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The evolution of industrial revolution – IIoT

Vertica Asthana is a technical journalist at EFY
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There was a catastrophic incidence of oil spillage from the oil rigs in Gulf of Mexico in April 2010. The drilling rig ‘Deepwater Horizon’ had spilled about 185 million gallons of oil into the sea, endangering breeds of marine creatures. Later, forensic reports proved that a puncture in the pipe due to oil and gas pressure had created the havoc. Had there been a smart automation system in place, the fault would have been detected at an early stage, hence avoiding the mishap.

This incident highlights the necessity of smart automation in industries. And as it is said “necessity is the mother of disruption,” the dire need of a safe, secure and efficient industrial system gave birth to the Industrial Internet of Things or IIoT.

The IIoT roadmap

There was a time in the 18th century when industrial machines were powered by steam. Industry 2.0 was powered by electric energy and industry 3.0 went autonomous. Now we have industry 4.0, which runs on cyber-physical systems.

This paradigm shift of the industry norms from manual to smart automation is helping to remotely monitor and control every part of the industrial facility.

“Later, five considerations were taken for enabling IIoT—distributed intelligence, rapid connectivity, establishing open standards and systems, real-time context integration and autonomous production lines,” says Narendra Sivalenka, senior manager-IoT team, Cyient.
Extracting data from all systems or extricating data from the main system and placing it into different machines in perfection is the distributed intelligence in the IIoT. This data is then connected with each other in a network after integration. Later, as per customer needs, this data is extracted in a smart way to avoid monotony of work, maximise throughput and minimise labour cost.

Technology behind the IIoT

Hardware components of the IIoT include sensors, RFID, condition monitoring, distributed control systems (DCS), smart meters, camera system, industrial robotics, AHS and networking technologies. Product lifecycle management (PLM) systems, manufacturing execution systems (MES) and supervisory control and data acquisition systems (SCADA) are the software parts.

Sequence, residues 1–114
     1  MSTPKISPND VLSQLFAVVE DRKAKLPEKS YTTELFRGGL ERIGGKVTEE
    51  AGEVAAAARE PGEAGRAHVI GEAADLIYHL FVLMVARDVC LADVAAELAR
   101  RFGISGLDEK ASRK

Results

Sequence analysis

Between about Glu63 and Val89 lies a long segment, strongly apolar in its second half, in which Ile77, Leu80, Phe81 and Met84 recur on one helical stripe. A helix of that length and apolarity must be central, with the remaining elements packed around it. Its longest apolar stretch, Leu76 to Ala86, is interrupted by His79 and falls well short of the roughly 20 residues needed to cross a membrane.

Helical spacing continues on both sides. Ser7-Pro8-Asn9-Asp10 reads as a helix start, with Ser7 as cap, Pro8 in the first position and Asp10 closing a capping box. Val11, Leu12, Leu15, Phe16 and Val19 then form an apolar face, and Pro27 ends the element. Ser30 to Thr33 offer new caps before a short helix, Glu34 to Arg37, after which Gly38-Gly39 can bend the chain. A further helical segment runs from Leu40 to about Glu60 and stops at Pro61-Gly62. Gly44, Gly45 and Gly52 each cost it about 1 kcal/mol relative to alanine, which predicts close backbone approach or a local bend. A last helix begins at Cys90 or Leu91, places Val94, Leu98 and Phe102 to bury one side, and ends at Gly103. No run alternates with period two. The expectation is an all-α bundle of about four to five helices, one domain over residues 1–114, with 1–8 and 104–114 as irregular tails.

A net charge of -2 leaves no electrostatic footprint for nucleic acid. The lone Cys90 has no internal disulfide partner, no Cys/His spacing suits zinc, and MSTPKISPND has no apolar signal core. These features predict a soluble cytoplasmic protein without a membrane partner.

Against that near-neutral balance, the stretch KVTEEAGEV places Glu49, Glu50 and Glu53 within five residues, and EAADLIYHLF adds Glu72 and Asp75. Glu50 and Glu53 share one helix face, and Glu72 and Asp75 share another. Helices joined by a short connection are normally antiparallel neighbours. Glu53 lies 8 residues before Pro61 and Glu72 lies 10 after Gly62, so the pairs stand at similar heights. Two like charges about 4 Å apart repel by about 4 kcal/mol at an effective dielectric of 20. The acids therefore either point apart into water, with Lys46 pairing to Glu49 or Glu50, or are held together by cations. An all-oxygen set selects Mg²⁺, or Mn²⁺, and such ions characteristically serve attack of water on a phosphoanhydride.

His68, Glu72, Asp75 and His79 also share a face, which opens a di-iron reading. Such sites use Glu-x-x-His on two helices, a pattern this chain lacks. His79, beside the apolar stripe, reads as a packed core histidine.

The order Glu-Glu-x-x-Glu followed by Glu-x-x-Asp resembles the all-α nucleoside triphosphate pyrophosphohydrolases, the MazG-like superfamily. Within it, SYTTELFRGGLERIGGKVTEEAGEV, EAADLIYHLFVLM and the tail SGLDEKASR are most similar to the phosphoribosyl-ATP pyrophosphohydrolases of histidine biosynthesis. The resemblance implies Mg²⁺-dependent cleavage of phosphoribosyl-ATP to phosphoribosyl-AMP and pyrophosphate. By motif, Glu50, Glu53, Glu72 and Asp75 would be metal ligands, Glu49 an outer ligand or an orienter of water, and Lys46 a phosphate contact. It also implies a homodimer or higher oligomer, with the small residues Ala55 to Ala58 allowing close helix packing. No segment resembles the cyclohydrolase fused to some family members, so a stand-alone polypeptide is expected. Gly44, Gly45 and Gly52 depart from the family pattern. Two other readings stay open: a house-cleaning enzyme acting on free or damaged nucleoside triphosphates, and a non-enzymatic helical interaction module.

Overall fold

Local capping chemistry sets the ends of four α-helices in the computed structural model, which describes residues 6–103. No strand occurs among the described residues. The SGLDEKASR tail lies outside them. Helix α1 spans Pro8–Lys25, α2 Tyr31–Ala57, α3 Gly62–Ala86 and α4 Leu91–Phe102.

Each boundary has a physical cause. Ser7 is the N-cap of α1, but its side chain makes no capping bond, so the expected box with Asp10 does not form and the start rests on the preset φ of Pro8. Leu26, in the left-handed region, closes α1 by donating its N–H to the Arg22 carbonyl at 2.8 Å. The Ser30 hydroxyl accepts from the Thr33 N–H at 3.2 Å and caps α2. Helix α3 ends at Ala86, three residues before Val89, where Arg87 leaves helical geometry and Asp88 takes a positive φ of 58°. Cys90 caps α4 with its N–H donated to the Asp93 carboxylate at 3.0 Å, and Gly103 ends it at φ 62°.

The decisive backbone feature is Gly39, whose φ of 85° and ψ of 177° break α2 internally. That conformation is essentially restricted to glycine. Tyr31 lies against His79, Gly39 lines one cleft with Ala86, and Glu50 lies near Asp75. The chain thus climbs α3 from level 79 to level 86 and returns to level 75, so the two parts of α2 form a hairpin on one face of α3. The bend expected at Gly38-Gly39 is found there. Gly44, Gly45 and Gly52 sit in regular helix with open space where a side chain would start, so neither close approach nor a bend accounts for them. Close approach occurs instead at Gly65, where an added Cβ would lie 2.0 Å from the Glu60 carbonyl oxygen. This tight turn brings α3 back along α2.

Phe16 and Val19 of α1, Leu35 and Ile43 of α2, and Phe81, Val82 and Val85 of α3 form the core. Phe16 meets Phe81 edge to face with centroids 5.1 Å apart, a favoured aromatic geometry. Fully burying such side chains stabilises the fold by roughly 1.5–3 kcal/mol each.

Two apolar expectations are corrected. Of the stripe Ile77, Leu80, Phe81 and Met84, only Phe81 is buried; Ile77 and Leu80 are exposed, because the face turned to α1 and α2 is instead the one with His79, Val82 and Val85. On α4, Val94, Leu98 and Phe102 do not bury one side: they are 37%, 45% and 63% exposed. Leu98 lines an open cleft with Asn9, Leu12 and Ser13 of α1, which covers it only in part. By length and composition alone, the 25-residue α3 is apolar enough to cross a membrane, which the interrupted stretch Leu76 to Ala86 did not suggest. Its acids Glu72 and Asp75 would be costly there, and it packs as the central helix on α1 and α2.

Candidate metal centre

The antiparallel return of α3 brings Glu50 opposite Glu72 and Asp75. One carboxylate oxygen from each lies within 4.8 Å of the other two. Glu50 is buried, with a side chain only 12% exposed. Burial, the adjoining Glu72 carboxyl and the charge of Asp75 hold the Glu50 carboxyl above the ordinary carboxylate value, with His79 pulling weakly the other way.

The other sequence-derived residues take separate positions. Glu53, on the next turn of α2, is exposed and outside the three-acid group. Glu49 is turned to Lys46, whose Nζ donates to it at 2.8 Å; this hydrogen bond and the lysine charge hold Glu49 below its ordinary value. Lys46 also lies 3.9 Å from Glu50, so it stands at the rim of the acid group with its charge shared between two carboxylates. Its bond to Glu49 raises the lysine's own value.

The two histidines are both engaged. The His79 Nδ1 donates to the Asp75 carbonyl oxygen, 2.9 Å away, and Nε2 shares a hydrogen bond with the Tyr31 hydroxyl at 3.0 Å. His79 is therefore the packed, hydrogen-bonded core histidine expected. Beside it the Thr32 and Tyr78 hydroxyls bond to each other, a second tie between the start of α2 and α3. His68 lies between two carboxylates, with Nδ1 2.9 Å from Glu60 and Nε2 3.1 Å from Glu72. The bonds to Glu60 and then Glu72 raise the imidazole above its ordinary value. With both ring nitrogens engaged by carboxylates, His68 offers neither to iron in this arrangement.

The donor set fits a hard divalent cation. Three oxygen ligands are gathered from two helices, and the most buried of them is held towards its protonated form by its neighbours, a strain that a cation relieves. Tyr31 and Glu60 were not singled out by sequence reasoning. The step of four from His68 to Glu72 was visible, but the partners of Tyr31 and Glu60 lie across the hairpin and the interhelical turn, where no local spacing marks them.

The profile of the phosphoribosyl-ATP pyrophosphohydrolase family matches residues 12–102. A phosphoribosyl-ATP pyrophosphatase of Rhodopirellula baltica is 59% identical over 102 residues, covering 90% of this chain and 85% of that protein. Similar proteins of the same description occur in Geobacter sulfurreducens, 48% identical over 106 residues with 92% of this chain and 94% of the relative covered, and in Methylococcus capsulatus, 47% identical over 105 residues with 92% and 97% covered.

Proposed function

Processor technology, artificial intelligence, DRAMs and memories, and virtual and augmented reality are fields of the IIoT where something exciting is happening on a regular basis.

Flexible glass sensor (Image courtesy: httpslmts.epfl.ch)

Flexible glass sensor (Image courtesy: httpslmts.epfl.ch)

Driving circuit

As mentioned in ‘Industrial Developer Boards’ article of July issue, these boards are undergoing a complete technology change. These find various IIoT applications including robotics, automotive manufacturing, power grids and many more.

The RF-based detector in industrial developer boards allows 3D mapping of objects using time-of-flight concept. Thus, antennae are embedded in the system itself, making the board condensed while reducing processing time. Such industrial developer boards are beneficial for robotics.

Footprint reduction of FPGAs, antennae and other critical components is creating a boom in the industrial IoT segment. Reducing the component size not only helps in reducing the manufacturing costs but also in thermal suppression. Be it the power supply section for a developer board serving the pick-and-place machine or a developer board for smart lighting, thermal dissipation is considerably low.

For applications like motor drives, machine-to-machine communication and smart grids, real-time processing and analysis, longevity, warranty and flexibility are key factors that make industrial boards the preferred option over normal boards. Typically, these can withstand industrial temperatures ranging from –40 degrees to 80 degrees centigrade. There are also a few developer boards meant for ovens, which can withstand temperatures of more than 300ºC.

Sensor integration allows a device to perform several functions. For instance, automobiles are now well-equipped with Bluetooth, Wi-Fi, indicators, odometer, fuel indicator, theft alarm and many such features.

Similarly, infotainment system, cluster, automotive and automotive advanced driver assistance are now integrated on a single MCU, thus reducing the wire harnessing and simplifying the anatomy of cars, making them safer as well as far more efficient.
In these cases, developer boards are designed to integrate a number of functions, which helps to reduce the design costs and space requirements.

Smart camera and imaging system

Similarly, imaging is no longer restricted to laboratories only. It is now gaining significance at the industrial level as well.

A leading automobile manufacturing company employed a robotic arm for automation, which was used to detect the objects to pick and assemble only at a spatial frame and angle. But, even if there was no work, the robotic arm continued to move, which reduced its service life and wasted electricity.

Now, with smart automation, robots can easily identify objects in 3D space too. This is particularly helpful for the automation segment, where robot arms could identify the objects to be picked and placed in a single direction only. Thus, 3D vision is making manufacturing smarter, saving time, electricity and human efforts.

New measuring techniques have come up for the automotive industry’s paint lines, which combine deflection in 3D and 2D surface inspection. This technology in cameras controls the quality 100 per cent and the inbuilt sensors deliver precise automated results in real time.

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